The report, World Energy Perspective: Energy Efficiency Policies, produced in collaboration with France’s energy and environment agency, ADEME, shows that more and more countries are now involved in energy efficiency policies, but also highlights numerous factors that have affected energy efficiency progress across 85 countries, representing more than 90% of global consumption.
“Our latest study shows the increased extent that most governments are concerned about energy efficiency,” said François Moisan, executive director of ADEME and chair of the report. “About 80% of the countries surveyed have quantitative efficiency targets, while six years ago only 40% had such targets. Labels and standards for energy efficiency appliances are implemented in all OECD countries and in 90% of Asian countries. Regulations on energy-consuming equipment and buildings remain the most common measures deployed. The progress in energy efficiency over the past 20 years equated to one-third of global primary energy consumption in 2011.”
Christoph Frei, Secretary General of the World Energy Council (WEC) said that the slowdown in energy efficiency improvements must be reversed if future progress was to be made on a stable, sustainable basis. “Energy demand continues to grow, albeit largely against a slowing trajectory,” he said. “However, the rate of decline in energy intensity has reduced at a much sharper rate. While an uncertain investment outlook, created by the global economic crisis, explains a degree of this decline, more worrying is the growth in certain uses of energy such as household electricity and road transport. This problem is compounded by continually rising energy demand, driven by non-OECD growth where energy intensity is higher than in most OECD countries.”
Most countries have significantly reduced total energy use per unit of GDP over the last three decades, the study finds. The improvements are largely due to more efficient key end-uses, such as vehicles, appliances, space heating and industrial processes. New standards, educational campaigns and regulatory requirements have helped to move efficiency development forward and have contributed to improved energy efficiency in OECD nations. Technology development, response to rising energy prices, and growing competition in industries, have also forced companies to cut energy costs.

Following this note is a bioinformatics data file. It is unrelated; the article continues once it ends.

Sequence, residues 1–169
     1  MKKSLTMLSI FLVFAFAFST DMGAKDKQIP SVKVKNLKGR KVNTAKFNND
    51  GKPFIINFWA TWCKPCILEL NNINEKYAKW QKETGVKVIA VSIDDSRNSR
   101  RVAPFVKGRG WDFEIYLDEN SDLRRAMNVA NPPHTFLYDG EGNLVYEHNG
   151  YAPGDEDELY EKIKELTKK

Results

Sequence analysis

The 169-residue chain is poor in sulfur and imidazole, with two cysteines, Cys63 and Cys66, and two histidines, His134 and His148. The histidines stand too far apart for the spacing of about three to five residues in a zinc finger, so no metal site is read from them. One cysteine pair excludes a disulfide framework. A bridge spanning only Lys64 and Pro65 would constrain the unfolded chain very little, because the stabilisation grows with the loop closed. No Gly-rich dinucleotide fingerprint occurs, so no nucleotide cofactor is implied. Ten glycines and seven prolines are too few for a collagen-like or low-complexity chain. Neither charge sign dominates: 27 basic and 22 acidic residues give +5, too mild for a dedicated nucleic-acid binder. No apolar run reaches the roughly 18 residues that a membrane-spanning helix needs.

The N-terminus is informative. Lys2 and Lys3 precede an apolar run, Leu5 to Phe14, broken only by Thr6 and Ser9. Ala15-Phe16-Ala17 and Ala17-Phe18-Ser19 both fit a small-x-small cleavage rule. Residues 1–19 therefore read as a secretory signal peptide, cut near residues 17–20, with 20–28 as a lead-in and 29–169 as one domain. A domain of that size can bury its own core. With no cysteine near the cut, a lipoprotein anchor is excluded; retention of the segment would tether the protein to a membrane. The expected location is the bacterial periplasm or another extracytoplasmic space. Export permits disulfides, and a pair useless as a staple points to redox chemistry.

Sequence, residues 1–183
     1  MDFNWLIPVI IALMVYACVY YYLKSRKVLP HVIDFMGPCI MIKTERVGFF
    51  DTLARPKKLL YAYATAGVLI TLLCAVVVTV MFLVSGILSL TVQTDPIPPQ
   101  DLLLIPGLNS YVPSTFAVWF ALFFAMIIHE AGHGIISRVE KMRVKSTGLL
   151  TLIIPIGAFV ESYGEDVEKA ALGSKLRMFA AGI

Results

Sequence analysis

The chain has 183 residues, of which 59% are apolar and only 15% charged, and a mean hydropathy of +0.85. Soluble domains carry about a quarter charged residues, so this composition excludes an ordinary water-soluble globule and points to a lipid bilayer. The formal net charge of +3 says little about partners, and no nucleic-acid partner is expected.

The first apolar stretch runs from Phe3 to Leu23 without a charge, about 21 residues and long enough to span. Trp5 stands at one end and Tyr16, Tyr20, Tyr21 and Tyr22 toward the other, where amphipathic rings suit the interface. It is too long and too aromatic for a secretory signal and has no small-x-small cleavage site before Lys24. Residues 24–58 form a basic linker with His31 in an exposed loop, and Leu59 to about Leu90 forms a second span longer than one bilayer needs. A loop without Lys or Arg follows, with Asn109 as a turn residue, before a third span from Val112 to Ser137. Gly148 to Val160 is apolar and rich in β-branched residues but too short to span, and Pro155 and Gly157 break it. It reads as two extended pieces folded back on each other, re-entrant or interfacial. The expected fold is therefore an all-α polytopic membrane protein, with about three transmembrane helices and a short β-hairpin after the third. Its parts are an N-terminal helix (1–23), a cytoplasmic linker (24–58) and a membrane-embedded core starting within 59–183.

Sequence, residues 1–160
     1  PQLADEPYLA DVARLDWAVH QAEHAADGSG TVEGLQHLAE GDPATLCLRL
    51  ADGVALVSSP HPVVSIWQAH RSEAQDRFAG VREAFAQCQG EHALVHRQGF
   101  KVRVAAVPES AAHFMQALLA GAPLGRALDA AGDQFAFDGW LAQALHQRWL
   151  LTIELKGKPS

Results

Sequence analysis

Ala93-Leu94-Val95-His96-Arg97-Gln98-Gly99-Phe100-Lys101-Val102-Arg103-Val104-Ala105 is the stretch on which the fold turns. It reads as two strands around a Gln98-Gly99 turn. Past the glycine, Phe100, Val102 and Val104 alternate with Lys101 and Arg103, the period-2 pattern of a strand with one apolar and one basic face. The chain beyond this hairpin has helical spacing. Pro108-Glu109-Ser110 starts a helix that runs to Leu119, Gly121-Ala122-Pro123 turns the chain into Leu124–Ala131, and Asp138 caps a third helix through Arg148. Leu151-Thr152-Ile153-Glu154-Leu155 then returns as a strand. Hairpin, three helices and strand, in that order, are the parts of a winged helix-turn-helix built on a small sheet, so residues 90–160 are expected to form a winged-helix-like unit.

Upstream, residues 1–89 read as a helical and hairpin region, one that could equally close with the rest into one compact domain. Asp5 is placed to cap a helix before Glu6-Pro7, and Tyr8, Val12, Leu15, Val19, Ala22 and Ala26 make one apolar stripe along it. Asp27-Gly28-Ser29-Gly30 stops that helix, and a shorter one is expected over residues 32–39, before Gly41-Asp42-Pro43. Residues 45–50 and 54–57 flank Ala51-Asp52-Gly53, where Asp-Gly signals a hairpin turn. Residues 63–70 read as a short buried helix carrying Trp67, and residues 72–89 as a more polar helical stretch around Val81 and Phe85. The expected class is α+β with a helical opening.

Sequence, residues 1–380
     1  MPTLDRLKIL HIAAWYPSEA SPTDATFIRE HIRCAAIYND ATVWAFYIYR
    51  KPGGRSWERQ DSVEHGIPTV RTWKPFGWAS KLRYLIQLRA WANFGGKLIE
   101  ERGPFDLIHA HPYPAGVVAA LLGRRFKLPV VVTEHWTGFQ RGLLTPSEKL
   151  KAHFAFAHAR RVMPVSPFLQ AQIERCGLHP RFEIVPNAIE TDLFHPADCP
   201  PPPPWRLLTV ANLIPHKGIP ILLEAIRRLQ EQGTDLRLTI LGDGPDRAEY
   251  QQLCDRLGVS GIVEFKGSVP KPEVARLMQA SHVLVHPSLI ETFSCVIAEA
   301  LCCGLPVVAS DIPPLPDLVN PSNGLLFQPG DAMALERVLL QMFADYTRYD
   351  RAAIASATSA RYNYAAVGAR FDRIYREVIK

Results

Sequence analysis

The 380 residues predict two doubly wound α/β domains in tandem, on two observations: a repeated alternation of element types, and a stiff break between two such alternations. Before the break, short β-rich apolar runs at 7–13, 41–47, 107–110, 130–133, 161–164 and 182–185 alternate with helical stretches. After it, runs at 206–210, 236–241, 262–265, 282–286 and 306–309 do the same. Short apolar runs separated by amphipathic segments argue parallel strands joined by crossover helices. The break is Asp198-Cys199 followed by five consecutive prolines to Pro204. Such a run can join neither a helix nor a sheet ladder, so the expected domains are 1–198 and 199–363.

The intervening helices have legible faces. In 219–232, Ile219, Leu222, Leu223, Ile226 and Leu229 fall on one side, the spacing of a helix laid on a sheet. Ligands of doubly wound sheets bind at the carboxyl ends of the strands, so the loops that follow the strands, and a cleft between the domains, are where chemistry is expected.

Western Europe currently boasts the lowest energy intensity, while the CIS hawww.worldenergy.org/publicationss the highest of the large consumer regions, using more than three times more energy per unit of GDP than Europe.
China, Africa and the Middle East all see intensity at two times the European average, while Latin America and OECD Asia Pacific are around 15% higher. India and other Asian countries see their intensity at around 50% higher than Europe, with North America at around 1.45 times the European average.
High energy intensities can be attributable to a number of factors: industry structure, low energy prices, and share of energy intensive industries, for example.
The WEC’s World Energy Scenarios: Composing energy futures to 2050 report sees that global energy demand will grow by one-third between 2010 and 2035, with 90% stemming from outside the OECD community. China and India account for half of that growth, with China alone accounting for a third. However, China’s per capita energy consumption in 2035 will still be less than half that of the United States or Australia.
“While it is important to recognise where progress has been made, it is also crucial to know when the pace of change falls away, and why,” said Frei. “Development action on new policies and strategies has never been more urgent. Every region in the world, OECD and others, have a part to play and we look forward to engaging in the discussion about how to implement these new processes on a long-term, sustainable basis during the World Energy Congress.”
The full report can be downloaded here.